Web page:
Dance Blog

Interpreting Interpretive Dance

One of the most perplexing styles of modern dance is interpretive dance. This exceedingly enigmatic style comes in a wide range of variations and in meant to be somewhat opaque. For this reason, this dance style has often been pushed aside by the mainstream, or those who require all information and context in glaring neon light form.

For those privy to something that requires at least a little brain power, interpretive dance can be a thoroughly enjoyable experience. The whole purpose of these performances is to help bring across ideas, emotions and concepts in the form of body movement. Though we are all built with a hardy comprehension of body language, the exaggerated expressions that dancers put into these works are often beyond our immediate understanding, thus more processing is needed. Still both novice observers and those who have been around it for decades can still find a piece confounding, because they are all very different, but if you feel heavily out of your depth, consider paying attention to these things when watching.

Face

Though its unlikely that the expression being played on is going to sit plainly on the dancer’s face (many performers keep a neutral gaze as not to distract from the piece), the position of the face is a good indicator of what the character is feeling. Looking downward is usually used to show sadness or at least a solemn emotion, while an upward gaze could be showing hope and optimism. Pay attention to whether the dancer hides their face often, this could mean they are feeling shame, whereas a prolonged ‘peek-a-boo’ may mean a transition in personality is occurring.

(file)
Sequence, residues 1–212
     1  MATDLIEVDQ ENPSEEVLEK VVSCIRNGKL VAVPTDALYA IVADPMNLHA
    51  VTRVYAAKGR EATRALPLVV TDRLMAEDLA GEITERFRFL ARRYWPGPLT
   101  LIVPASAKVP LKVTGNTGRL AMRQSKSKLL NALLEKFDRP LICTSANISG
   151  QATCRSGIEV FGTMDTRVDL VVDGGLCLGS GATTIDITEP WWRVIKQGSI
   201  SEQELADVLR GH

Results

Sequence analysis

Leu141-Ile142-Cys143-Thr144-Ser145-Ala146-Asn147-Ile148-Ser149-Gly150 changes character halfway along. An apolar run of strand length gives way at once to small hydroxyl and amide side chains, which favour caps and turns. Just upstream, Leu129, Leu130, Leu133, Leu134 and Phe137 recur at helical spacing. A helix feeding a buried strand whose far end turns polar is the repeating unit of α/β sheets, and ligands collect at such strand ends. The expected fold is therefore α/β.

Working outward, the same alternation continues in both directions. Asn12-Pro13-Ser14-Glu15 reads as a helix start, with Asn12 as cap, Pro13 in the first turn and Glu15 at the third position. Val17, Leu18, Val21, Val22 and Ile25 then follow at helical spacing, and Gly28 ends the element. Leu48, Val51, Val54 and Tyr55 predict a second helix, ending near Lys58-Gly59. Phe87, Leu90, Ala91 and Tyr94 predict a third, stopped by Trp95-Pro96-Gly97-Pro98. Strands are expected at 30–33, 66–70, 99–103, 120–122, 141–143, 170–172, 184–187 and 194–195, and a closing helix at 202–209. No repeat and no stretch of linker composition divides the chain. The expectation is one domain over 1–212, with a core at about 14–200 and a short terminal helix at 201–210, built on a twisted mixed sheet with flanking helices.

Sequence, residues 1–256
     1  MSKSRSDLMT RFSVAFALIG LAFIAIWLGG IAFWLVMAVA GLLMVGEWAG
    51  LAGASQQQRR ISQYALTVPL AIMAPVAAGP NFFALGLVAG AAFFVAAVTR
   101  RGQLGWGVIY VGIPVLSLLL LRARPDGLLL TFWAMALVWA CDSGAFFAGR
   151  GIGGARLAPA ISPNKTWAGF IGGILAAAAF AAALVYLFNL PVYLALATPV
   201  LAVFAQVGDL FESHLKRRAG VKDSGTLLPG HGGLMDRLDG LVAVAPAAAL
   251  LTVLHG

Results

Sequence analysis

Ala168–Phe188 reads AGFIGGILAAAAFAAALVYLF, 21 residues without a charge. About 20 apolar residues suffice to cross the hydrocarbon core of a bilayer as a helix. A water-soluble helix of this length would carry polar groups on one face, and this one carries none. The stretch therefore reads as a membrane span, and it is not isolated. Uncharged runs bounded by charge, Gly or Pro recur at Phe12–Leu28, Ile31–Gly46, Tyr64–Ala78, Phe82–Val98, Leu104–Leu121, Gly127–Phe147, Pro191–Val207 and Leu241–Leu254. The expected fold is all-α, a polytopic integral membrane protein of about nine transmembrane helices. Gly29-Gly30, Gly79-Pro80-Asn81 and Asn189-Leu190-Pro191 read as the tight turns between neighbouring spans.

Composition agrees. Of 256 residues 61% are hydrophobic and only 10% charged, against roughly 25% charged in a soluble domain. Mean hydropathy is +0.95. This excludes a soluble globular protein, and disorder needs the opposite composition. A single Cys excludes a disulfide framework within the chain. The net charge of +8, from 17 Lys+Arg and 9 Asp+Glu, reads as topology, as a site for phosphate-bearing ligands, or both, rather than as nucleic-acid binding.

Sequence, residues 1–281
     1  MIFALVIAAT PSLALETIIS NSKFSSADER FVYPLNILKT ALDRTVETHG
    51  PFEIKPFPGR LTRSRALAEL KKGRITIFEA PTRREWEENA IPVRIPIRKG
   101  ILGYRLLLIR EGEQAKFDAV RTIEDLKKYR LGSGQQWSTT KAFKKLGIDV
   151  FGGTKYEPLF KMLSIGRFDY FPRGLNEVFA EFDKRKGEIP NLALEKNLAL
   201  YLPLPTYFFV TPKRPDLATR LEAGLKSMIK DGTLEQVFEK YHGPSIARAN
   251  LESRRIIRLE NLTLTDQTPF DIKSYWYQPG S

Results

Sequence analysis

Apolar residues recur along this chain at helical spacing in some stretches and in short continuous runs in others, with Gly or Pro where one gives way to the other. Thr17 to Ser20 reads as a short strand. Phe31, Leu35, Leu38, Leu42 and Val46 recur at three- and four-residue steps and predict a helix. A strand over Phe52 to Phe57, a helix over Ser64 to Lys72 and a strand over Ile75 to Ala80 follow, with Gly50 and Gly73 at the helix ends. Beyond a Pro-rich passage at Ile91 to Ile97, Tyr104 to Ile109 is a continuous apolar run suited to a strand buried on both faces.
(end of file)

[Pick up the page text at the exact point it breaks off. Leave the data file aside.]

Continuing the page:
Pace

This may be something you pick up on already, put the pace of the dance is an easy way to tap into how the character is feeling. Think about certain emotions and their timing, anger is not an emotion that formulates slowly or is expressed at a calm pace, conversely sombre and heartfelt moments are unlikely to be rushed.

Force

This can be a little harder to detect, especially if the dance is particularly elaborate or rapid. A lot of modern dance focuses on force however, shifting force into different parts makes the very movements of the body and the shape and effort exerted by the spine is part of what makes people look so dynamic. The amount of pressure they put in their limbs or the weight they put into each step can give away something more internal about the emotions on display.

Focus

Again, the blinding spectacle that most performers are capable of now is hypnotic, so it wouldn’t be hard for you to miss a few things here. Focus relates to what the dancer’s motivation is, just like a character’s drive in a story they are working towards something. This could be moving from one place to another, becoming lighter or heavier, loose or strong or it could include an object or a dance partner. Figuring out the characters goals will let you unlock the wonder of their expression.

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